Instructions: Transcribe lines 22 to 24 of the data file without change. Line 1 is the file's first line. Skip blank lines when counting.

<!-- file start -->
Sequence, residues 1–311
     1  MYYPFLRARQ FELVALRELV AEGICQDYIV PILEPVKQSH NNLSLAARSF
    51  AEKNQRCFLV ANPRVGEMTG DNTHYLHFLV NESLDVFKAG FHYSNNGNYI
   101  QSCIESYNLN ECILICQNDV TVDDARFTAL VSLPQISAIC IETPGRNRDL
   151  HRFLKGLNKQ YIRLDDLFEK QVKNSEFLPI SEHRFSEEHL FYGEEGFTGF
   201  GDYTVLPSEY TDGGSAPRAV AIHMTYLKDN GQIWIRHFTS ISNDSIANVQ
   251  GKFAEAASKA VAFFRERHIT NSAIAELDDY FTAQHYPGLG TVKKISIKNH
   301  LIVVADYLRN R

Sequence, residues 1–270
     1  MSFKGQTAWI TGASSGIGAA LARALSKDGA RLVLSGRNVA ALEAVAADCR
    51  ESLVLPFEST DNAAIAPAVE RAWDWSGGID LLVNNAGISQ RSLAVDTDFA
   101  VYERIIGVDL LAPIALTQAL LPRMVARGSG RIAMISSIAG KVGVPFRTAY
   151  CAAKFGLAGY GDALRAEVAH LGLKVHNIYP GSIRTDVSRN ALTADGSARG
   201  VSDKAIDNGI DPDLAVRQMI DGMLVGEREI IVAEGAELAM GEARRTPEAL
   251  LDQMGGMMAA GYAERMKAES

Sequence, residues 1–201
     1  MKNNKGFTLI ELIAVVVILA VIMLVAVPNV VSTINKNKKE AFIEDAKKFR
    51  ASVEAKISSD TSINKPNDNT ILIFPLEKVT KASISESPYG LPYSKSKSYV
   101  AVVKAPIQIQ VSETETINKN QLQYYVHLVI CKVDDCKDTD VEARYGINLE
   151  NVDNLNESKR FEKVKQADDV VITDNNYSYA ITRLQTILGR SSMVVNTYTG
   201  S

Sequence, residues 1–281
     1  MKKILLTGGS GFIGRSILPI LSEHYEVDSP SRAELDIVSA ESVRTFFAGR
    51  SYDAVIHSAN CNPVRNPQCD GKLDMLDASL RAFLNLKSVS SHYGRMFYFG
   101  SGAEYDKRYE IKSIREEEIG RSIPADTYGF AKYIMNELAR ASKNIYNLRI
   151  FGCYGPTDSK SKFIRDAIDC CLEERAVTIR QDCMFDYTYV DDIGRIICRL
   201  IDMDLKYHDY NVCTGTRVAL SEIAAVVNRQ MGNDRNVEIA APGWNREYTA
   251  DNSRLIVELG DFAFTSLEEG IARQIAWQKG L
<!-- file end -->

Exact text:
Sequence, residues 1–281
     1  MKKILLTGGS GFIGRSILPI LSEHYEVDSP SRAELDIVSA ESVRTFFAGR
    51  SYDAVIHSAN CNPVRNPQCD GKLDMLDASL RAFLNLKSVS SHYGRMFYFG